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usucapion

[ yoo-zuh-key-pee-on, -suh- ]
/ ˌyu zəˈkeɪ piˌɒn, -sə- /
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noun Roman Law.
the acquisition of property through long, undisturbed possession.
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Also u·su·cap·tion [yoo-zuh-kap-shuhn, -suh-]. /ˌyu zəˈkæp ʃən, -sə-/.

Origin of usucapion

1600–10; <Latin ūsūcapiōn-, stem of ūsūcapiō, equivalent to ūsū, ablative singular of ūsus (see use (noun)) + capiō a taking (cap(ere) to take + -iō (stem -iōn-) -ion)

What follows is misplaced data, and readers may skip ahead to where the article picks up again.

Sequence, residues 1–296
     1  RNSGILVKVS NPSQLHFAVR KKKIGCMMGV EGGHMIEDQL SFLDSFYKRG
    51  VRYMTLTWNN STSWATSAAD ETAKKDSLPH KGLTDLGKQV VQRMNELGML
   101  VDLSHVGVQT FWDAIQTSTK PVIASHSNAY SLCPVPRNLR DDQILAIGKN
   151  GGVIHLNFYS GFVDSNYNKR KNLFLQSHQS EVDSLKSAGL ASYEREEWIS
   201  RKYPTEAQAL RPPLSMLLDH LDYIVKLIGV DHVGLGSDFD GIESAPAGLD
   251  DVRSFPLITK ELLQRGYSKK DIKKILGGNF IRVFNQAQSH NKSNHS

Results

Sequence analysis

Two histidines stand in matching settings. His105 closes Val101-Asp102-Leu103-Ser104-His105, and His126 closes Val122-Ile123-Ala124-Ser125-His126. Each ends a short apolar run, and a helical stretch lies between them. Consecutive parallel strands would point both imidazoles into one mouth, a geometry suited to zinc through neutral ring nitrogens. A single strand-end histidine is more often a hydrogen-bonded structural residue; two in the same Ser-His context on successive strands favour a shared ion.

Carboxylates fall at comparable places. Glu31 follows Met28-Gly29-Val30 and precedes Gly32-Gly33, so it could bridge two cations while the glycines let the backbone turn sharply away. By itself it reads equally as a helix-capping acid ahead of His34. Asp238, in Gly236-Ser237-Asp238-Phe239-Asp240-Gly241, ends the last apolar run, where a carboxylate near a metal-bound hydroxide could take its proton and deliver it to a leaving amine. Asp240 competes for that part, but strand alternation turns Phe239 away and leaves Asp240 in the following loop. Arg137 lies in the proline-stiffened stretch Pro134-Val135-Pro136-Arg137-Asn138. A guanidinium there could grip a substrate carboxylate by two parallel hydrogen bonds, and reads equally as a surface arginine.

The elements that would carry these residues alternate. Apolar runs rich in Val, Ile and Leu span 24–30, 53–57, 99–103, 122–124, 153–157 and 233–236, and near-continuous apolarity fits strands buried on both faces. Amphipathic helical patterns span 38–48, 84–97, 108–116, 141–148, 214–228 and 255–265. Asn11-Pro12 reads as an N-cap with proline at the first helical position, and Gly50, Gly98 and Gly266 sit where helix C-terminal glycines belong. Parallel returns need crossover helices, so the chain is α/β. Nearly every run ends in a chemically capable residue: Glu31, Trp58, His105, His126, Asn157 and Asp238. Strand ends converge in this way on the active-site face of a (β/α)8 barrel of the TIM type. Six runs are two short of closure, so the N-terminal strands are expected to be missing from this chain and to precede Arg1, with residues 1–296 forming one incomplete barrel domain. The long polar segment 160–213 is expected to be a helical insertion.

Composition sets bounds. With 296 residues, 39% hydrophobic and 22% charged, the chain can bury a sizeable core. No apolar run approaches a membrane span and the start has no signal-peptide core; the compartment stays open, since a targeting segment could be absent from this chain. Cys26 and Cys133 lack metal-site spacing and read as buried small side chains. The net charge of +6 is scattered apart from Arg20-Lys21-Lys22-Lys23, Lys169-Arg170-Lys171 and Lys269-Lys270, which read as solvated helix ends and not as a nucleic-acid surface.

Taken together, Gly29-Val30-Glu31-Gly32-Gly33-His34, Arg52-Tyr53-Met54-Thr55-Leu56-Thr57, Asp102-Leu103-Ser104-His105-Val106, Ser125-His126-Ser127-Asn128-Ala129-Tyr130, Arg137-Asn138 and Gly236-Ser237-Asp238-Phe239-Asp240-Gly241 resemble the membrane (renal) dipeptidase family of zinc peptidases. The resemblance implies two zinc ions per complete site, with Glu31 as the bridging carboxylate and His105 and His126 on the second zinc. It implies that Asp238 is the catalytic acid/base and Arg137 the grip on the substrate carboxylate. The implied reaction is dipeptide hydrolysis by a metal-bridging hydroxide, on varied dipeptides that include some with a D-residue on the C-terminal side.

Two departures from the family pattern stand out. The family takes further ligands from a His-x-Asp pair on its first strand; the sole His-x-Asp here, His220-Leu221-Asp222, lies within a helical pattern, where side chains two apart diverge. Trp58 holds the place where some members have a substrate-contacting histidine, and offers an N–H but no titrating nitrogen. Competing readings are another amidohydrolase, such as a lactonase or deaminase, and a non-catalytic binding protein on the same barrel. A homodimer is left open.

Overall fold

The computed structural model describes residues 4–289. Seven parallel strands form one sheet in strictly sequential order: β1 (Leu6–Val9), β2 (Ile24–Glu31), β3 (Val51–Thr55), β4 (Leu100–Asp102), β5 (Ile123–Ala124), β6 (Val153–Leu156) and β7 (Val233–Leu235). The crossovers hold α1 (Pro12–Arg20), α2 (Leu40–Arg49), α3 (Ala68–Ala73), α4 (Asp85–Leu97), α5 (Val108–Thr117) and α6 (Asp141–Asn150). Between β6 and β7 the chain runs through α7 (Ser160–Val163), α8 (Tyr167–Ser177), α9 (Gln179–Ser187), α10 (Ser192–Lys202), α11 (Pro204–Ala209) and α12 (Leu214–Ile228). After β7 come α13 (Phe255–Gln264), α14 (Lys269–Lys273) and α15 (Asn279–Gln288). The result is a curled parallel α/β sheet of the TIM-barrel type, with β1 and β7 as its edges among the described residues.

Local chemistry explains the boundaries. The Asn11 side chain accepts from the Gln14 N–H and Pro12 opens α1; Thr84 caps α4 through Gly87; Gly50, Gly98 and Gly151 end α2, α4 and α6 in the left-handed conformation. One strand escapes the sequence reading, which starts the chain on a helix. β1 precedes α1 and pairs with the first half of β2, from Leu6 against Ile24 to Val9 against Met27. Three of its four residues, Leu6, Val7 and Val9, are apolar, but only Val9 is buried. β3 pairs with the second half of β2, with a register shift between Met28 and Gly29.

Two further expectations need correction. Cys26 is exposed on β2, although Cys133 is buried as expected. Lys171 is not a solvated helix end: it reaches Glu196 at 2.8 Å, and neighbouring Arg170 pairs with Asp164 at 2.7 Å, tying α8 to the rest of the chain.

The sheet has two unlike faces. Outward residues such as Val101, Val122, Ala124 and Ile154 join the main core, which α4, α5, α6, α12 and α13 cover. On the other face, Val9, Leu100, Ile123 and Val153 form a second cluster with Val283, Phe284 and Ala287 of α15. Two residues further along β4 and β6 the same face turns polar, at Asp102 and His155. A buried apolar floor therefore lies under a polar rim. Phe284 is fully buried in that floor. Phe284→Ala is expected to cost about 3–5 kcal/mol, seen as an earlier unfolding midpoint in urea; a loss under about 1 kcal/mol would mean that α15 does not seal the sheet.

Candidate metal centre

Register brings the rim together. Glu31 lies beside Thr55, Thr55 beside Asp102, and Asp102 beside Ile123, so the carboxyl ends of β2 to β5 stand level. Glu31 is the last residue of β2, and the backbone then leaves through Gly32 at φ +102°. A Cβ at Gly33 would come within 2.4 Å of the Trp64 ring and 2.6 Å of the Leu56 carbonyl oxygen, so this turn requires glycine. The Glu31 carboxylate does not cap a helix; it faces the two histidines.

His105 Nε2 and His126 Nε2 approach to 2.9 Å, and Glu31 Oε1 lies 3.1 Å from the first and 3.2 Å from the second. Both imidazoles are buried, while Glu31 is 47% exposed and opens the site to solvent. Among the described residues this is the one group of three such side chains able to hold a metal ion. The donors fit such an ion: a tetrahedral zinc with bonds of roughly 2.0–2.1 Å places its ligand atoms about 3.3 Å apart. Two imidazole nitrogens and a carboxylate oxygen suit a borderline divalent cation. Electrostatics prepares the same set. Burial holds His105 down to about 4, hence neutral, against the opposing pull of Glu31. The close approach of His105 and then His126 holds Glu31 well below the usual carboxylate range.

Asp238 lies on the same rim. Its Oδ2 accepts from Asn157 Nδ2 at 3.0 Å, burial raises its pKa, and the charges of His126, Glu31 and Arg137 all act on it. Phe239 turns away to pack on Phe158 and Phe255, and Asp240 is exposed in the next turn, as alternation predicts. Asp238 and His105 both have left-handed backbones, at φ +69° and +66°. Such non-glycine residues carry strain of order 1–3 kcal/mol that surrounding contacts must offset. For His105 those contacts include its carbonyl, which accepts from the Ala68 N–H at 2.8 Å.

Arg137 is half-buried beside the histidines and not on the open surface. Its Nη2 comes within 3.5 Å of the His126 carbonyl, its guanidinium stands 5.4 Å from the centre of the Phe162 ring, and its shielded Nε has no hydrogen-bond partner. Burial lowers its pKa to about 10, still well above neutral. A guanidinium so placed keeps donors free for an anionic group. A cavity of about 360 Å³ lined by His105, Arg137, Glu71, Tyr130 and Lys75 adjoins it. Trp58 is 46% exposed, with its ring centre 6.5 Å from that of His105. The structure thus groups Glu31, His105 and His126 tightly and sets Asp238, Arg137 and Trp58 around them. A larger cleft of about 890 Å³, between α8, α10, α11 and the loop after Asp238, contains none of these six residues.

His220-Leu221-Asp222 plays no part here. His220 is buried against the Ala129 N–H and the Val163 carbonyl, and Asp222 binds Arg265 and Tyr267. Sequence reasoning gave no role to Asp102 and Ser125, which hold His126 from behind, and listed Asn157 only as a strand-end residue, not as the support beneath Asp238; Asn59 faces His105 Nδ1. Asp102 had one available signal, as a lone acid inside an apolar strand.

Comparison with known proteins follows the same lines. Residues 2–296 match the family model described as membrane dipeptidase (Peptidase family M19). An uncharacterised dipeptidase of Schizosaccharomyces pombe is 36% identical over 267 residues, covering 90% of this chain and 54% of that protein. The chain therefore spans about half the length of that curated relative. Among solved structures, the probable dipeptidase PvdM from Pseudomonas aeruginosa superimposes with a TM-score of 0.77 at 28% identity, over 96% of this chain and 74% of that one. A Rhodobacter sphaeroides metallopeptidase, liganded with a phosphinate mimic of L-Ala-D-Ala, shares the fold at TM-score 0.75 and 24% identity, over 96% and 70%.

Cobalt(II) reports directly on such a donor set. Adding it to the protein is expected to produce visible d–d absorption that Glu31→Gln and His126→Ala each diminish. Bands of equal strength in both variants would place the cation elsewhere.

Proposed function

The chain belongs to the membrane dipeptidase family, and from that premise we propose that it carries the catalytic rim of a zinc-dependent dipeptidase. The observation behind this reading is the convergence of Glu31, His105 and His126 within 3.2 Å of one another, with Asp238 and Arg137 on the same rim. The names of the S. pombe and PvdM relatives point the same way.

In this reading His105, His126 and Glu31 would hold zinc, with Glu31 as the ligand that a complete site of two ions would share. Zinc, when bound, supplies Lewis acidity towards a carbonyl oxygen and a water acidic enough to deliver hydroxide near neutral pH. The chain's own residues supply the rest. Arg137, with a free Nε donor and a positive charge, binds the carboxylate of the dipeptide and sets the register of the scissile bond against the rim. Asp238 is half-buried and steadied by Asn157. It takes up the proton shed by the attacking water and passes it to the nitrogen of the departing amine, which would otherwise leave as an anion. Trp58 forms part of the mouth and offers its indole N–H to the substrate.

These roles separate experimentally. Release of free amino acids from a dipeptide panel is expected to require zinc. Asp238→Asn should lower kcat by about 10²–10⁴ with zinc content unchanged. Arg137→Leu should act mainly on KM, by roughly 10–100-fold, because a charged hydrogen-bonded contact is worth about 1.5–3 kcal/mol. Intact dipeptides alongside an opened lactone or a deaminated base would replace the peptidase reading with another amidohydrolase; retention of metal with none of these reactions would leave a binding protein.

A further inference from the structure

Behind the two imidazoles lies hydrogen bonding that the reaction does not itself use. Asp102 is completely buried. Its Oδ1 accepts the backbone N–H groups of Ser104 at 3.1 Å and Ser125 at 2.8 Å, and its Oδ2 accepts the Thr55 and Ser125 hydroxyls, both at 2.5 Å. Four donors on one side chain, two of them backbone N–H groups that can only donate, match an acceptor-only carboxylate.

Dictionary.com Unabridged Based on the Random House Unabridged Dictionary, © Random House, Inc. 2022

How to use usucapion in a sentence

  • Usucapion did not lose its advantages till the reforms of Justinian.

    Ancient Law|Sir Henry James Sumner Maine
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